LONDON (Reuters) - Toshiba’s Westinghouse, which filed for bankruptcy on Wednesday, has won approval for its AP1000 reactor design, Britain’s nuclear regulator said on Thursday.
The Office for Nuclear Regulation (ONR) approval is needed before the design can be used at NuGeneration Ltd’s (NuGen) Moorside new nuclear project in north west England, which consists of three AP1000 units.
“The closure of our assessment of the generic design of the AP1000 reactor is a significant step in the process, ensuring the design meets the very high standards of safety we expect,” Richard Savage, ONR’s chief nuclear inspector, said.
“We will now focus our regulatory attention on site specific assessments, and NuGen’s application for a nuclear site licence,” he added in a statement.
Westinghouse’s bankruptcy filing has raised questions over whether it will be able to complete capital intensive projects, although the move does not affect Westinghouse’s operations in Asia, Europe, the Middle East and Africa, according to a company statement.
All new nuclear plants in Britain need ONR approval through its GDA process, which typically takes around four years and the Westinghouse reactor was expected to be approved by the end of this month.
The approval has taken much longer since assessment first began in 2007. It was paused by the ONR at the end of December 2011 while it asked for design modifications, but was resumed in 2014.
”(The regulator review) represents a major milestone towards bringing a new generation of safe, clean energy to the United Kingdom through the Moorside Project,” José Emeterio Gutiérrez, Westinghouse interim president and chief executive, said in a statement.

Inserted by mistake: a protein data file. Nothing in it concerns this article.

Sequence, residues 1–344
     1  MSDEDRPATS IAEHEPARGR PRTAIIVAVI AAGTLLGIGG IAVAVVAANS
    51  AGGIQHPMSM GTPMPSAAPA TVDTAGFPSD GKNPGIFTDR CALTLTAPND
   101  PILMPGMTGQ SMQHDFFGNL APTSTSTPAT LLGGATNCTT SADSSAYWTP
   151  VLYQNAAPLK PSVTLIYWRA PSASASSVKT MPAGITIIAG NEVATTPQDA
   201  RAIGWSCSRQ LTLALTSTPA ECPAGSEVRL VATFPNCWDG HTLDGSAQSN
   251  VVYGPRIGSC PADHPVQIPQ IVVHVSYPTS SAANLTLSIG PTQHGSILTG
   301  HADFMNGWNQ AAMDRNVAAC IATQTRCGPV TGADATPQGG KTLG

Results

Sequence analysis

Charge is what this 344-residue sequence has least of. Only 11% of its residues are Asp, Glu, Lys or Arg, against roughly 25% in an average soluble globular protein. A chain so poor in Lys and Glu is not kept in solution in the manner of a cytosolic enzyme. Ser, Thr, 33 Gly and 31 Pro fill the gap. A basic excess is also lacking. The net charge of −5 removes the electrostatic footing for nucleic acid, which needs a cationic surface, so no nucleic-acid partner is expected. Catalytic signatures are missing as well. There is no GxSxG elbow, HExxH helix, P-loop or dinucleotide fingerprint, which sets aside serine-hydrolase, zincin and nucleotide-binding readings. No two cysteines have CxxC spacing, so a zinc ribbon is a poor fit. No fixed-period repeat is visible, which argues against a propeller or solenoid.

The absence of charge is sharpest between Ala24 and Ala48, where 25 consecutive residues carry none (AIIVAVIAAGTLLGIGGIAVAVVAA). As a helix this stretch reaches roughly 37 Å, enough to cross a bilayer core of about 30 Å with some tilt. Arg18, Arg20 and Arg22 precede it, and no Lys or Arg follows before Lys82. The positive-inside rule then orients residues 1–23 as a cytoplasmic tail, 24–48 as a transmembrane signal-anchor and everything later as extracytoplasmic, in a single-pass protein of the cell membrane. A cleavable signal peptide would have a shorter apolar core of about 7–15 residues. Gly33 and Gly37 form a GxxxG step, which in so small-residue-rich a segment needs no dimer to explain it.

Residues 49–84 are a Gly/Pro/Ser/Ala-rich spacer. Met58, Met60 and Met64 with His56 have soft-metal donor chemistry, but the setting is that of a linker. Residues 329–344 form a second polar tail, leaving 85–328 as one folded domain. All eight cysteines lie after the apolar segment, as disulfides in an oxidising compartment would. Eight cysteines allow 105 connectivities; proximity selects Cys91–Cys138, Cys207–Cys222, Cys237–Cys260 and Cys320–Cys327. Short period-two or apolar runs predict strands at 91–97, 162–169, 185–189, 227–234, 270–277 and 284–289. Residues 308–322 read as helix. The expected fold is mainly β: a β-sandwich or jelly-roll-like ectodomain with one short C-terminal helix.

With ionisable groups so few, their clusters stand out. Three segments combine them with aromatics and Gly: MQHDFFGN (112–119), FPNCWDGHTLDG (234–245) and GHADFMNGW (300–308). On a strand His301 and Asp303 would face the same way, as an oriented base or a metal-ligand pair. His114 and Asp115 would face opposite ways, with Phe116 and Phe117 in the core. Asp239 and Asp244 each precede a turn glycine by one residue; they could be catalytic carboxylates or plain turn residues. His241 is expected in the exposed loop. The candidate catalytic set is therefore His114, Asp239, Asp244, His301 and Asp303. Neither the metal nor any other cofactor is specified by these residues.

“In addition, it expands the global regulatory pedigree of the AP1000 plant design and further confirms Westinghouse’s innovative safety technology,” he added.
Britain needs to invest in new infrastructure to replace ageing coal and nuclear plants set to close in the next decade, but has struggled to get large projects built, especially nuclear, due to the costs involved.
EDF’s 18 billion pound ($22.5 billion) Hinkley Point C nuclear project in southwest England got the final go-ahead in 2016 after several years of delay, but only after securing backing from the French government.
NuGen, a joint venture between Toshiba and French utility Engie has also come under doubt since Japan’s Toshiba said last month it planned to pull out of the construction work at the British plant after posting a $6.3 billion writedown on Westinghouse, which has been hit by billions of dollars in cost overruns at new nuclear plants.
A spokesman for NuGen said it could not comment on specific financial issues relating directly to Toshiba or Westinghouse and that it will continue “business as usual” to gain the necessary permits and licenses to build the project.
additional reporting by Karolin Schaps; editing by Alexander Smith